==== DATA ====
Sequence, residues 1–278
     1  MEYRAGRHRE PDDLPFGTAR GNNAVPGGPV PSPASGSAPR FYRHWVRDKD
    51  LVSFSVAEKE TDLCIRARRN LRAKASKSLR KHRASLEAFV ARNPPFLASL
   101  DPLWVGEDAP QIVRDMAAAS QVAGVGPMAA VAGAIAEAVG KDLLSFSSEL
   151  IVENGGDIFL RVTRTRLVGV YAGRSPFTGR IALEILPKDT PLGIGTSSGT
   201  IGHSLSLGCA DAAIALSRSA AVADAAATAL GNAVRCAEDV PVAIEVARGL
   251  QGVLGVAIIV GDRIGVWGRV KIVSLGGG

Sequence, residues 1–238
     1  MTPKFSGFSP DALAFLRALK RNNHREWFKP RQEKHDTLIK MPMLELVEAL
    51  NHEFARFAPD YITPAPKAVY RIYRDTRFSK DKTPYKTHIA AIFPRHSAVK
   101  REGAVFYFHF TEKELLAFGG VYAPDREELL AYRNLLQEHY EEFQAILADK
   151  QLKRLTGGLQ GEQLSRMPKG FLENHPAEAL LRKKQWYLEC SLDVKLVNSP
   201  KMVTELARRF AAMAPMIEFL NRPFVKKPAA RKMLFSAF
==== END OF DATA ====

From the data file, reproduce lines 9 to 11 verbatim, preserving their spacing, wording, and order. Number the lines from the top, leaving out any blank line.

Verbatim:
     1  MTPKFSGFSP DALAFLRALK RNNHREWFKP RQEKHDTLIK MPMLELVEAL
    51  NHEFARFAPD YITPAPKAVY RIYRDTRFSK DKTPYKTHIA AIFPRHSAVK
   101  REGAVFYFHF TEKELLAFGG VYAPDREELL AYRNLLQEHY EEFQAILADK